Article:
This took me a long time to figure out and I’m admittedly still learning.

In fact, I spent the better part of last year learning about boundaries to help me survive what was objectively the hardest year of my life.  

2019 proved itself to be an ongoing, and quite educational case-study in how to put my mental and emotional well-being first.

Over this time, I concluded that there are 4 key boundaries that must be set if we want to be happy and at ease in our own skin. Here they are.

1.   Say no. 

To the job opportunity that’s a no brainer on paper but that you know isn’t right for you.

To the big dysfunctional family get-together you’re totally dreading.

To the social occasion you’re only attending to save face.

To the things you don’t want to do. Say no to these things.

We seem to have this perception that we only regret things we don’t try or that we don’t do.

But what about the situations that leave us uncomfortable, upset or just drained? Why would we fear missing out on those things?

I think for many of us it boils down to the feeling that if we say no, we’ll be looked at in a negative light or that we’ll upset people. That certainly used to be the case for me.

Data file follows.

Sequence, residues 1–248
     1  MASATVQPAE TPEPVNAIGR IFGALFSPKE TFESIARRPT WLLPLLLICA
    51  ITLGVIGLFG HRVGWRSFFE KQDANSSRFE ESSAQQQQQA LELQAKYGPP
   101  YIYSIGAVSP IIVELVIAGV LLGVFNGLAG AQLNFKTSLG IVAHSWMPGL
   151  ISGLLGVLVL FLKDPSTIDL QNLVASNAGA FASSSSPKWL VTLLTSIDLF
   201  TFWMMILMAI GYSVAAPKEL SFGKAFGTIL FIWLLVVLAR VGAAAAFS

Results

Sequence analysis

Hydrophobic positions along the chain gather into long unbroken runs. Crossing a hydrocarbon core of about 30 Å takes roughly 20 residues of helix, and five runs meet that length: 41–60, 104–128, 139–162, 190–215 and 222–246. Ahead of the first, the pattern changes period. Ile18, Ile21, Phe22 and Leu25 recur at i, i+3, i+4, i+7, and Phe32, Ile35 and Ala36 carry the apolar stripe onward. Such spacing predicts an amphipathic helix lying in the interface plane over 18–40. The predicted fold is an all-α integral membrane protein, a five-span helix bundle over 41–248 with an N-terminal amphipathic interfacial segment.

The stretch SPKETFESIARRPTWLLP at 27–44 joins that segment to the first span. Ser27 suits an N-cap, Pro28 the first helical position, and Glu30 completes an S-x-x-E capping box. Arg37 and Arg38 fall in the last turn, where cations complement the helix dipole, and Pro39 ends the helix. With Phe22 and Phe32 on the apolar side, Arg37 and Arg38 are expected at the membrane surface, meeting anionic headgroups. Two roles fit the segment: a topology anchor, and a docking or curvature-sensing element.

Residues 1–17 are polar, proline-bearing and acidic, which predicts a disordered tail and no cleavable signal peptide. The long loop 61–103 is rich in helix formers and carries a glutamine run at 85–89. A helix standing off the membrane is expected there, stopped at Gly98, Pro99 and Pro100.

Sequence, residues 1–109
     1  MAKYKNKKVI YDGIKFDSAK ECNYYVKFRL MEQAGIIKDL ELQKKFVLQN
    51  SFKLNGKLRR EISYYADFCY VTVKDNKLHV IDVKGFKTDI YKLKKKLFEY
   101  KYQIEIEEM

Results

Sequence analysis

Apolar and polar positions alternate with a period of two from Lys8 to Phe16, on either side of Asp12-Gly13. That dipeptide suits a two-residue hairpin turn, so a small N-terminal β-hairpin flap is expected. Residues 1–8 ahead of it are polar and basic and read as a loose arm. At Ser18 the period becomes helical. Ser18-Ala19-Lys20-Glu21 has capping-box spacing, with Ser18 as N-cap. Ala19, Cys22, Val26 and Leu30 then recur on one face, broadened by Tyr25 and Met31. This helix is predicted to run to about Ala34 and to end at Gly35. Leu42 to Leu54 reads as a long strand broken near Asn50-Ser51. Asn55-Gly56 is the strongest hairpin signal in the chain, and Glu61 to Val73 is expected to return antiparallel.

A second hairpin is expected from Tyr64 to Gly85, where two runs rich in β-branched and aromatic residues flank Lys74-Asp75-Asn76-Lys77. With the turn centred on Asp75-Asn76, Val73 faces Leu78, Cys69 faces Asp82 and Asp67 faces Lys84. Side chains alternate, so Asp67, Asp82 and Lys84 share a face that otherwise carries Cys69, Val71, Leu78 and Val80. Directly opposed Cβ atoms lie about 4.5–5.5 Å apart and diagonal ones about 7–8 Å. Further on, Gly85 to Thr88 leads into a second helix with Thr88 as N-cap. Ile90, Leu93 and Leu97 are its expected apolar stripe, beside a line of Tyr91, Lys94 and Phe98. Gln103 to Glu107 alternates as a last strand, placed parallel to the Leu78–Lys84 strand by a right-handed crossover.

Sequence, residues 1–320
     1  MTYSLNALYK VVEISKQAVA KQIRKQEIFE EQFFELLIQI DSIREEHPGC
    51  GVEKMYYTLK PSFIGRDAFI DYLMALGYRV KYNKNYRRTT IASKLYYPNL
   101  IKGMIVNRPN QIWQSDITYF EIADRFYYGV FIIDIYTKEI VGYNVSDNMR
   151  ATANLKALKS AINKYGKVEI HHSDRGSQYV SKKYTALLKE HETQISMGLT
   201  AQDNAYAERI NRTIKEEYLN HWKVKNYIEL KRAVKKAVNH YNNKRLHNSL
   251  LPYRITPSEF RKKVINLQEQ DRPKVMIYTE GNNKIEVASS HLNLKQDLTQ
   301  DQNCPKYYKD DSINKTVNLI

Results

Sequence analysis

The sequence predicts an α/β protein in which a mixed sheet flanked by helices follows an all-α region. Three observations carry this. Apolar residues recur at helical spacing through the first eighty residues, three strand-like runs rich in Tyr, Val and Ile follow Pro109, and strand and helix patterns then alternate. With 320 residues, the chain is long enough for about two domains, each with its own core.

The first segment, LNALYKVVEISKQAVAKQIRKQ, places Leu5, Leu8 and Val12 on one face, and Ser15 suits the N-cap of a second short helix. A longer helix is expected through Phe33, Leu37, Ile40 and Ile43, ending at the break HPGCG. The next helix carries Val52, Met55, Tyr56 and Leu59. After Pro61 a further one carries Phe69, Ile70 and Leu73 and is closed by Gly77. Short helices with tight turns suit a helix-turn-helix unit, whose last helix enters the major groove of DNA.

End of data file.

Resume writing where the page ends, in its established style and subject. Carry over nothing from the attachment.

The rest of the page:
If I think back to the things I’ve done and not done this year, I can’t recall a single instance where I regretted saying no. I also see no evidence that it’s causing those opportunities to stop presenting themselves (in other words, the invitations are still coming).

On the contrary, there were many instances when I said yes to something I didn’t want to do and dreaded it, had a bad time or exposed myself to a toxic encounter.

Every time I say no to something I don’t want to do, it results in me not doing that thing. That’s a pretty simple win.

Takeaway: Stop feeling obligated and start saying no to things you don’t want to do.

2.   Stop apologizing when you’re not sorry.

Let me first say that I was the worst offender of this. A pathological apologizer (not a real word, but you get the point).

I wasn’t sorry for making a girlfriend wait 3 hours for a text response because I was successfully unglued from my phone.

I wasn’t sorry for telling a client no to an unreasonable request that would negatively impact my time or earnings.

And I have never once been sorry for being in the way of the rude stranger at the airport who actually bumped into me.